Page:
Hospitals seeking financial incentives and rewards for investing in quality improvement can find a few of them in the Medicare reform law, but most won't be in force for a year or two and will involve spending money to gain benefits.
The most prominent provision increases Medicare payments by the full rate of healthcare inflation in fiscal 2005 through 2007 in return for reporting data to the CMS on 10 measures of quality for heart attacks, heart failure and pneumonia. Hospital organizations that do not join the quality initiative will get a payment increase 0.4 percentage points below the inflation rate.
Other provisions authorize matching grants for investment in electronic prescription drug programs; exempt hospitals and other sponsors from certain antikickback laws to get the e- prescription movement going; and establish a federal loan pool to encourage construction, renovation or capital improvement of facilities engaging in cancer research and treatment.
In addition, a sprinkling of demonstration projects aimed at testing incentives for better-quality care represents the beginning of a CMS-led effort to spur deployment of clinical information technology and measurable improvement in health outcomes by paying extra for defined levels of performance and IT capabilities.
The decision to link hospital payment increases to quality reporting efforts, an idea that came to light last month during House-Senate conference committee deliberations, marks a fundamental change in how Medicare compensates hospitals. Under the direction of its top official, the just-departed Tom Scully, the CMS had embarked on a campaign during the past year to reward hospitals that provide higher quality care.
An American Hospital Association official last month called the idea of a payment differential a positive development in part because the full inflation update represented a larger payment increase than congressional negotiators had previously discussed (Nov. 3, p. 8).
Because of budget-cutting priorities and other issues, Congress has granted hospitals the full update for healthcare inflation only twice in the past 15 years, an AHA spokeswoman says.
The price of getting the full update is having the technology and reporting structure necessary to gather and report data on the 10 targeted clinical protocols to the CMS by a deadline of Nov. 1, 2004.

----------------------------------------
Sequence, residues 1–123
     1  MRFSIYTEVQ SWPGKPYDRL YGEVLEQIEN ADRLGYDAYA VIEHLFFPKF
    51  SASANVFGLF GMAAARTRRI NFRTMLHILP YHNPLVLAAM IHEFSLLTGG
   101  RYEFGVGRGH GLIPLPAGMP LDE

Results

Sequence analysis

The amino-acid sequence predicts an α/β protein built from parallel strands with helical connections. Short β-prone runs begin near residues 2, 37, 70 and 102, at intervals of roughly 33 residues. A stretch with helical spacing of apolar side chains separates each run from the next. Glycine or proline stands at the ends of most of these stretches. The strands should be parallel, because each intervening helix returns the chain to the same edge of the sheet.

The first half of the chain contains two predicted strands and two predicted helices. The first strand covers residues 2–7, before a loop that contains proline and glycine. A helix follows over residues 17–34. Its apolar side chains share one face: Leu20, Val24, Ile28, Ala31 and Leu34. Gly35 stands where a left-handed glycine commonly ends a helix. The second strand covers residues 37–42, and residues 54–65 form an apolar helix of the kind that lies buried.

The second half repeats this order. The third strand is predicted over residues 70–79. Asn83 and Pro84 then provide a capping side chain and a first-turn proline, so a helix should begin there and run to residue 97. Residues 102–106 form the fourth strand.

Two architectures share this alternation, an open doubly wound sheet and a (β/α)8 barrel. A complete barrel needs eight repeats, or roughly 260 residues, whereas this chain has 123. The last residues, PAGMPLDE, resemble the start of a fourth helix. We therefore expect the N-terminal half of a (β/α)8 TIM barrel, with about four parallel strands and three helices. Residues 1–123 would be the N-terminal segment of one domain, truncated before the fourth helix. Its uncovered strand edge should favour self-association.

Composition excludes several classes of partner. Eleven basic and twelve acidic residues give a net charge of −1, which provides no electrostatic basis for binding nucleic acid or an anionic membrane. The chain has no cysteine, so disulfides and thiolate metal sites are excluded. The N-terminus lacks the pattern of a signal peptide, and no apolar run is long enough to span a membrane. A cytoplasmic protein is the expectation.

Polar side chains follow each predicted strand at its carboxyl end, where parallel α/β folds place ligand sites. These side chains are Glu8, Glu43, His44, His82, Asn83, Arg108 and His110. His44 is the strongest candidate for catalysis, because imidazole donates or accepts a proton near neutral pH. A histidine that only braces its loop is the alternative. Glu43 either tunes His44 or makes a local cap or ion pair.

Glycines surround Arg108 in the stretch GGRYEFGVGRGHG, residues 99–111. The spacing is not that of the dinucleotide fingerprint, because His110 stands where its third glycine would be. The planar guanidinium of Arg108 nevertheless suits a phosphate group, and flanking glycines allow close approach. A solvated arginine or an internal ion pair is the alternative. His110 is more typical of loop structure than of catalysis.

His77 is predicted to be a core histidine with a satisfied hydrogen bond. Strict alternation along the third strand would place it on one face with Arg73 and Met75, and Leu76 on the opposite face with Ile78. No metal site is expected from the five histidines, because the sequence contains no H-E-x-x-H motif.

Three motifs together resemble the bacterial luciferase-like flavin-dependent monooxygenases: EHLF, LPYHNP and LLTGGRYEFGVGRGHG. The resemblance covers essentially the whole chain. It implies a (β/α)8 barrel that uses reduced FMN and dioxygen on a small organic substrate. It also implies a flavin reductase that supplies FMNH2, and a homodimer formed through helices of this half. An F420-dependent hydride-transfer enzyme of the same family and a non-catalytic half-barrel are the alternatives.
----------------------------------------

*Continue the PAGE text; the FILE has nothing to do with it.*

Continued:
But the consensus in the industry is that the effort required to report the data "is not a heavy lift for hospitals," says Herb Kuhn, vice president of advocacy for the Premier hospital alliance.
By contrast, the reward can be sizable for some healthcare systems, he says. For example, an executive from a healthcare organization Kuhn would identify only as "a major system" told him the difference between the two payment rates is about $1 million per year. All this, of course, is contingent on Congress bucking historical trends and keeping promises of future reimbursement updates.
In other Medicare quality-related areas, a section of the law that lays out a plan for electronic prescriptions includes several incentives to increase physician participation but also establishes a standards-development timeline that delays the start of the program until 2008. The law calls for HHS to develop, adopt or modify a set of standards by September 2005, conduct pilot tests during 2006, report the results in 2007 and publish standards by April 1, 2008. The healthcare industry will have one year to put those standards into effect, but participation will be voluntary.
Despite the long process, the willingness of the federal government to set the stage is important, says David Roberts, director of public policy for the Healthcare Information and Management Systems Society. "It's a leadership issue. It shows how important this is." Some healthcare organizations will get started early using available technical and policy signposts, Roberts predicts.
Subsidies for physicians to blunt the cost of technology for e-prescription information transfer total $50 million in 2007 and "such sums as may be necessary" for 2008 and 2009, according to the legislative text. The provision gives special consideration to doctors serving a disproportionate number of Medicare patients, especially in rural or underserved areas. But applicants would have to contribute at least 50% of the costs.
The law requires HHS, in consultation with the U.S. Justice Department, to provide hospitals, medical groups and prescription drug plans a safe harbor from criminal and civil sanctions for giving free goods and services to staff physicians and other prescribing health professionals.
Kuhn called the provision "one of the little nuggets that people haven't discovered and could be significant." The exemption from antikickback and physician self-referral laws applies only to costs related to implementing computerization and training people to use it for sending and receiving prescription information. But it removes a barrier hospitals have encountered in trying to connect doctors to computer networks, and "it's an exciting opportunity that should not be missed," he says.
Providers anticipating federal help in financing the infrastructure for electronic health records and other clinical information systems will have a wait on their hands.
Two preliminary research projects for which the CMS has done "pre-work," according to a spokesman, made it into the Medicare reform law: a three-year program using health information technology at four sites to test pay-for-performance concepts, and a five-year run of pilot tests that examine factors behind improving patient care, including incentives for patient-safety practices and appropriate use of best-practice guidelines.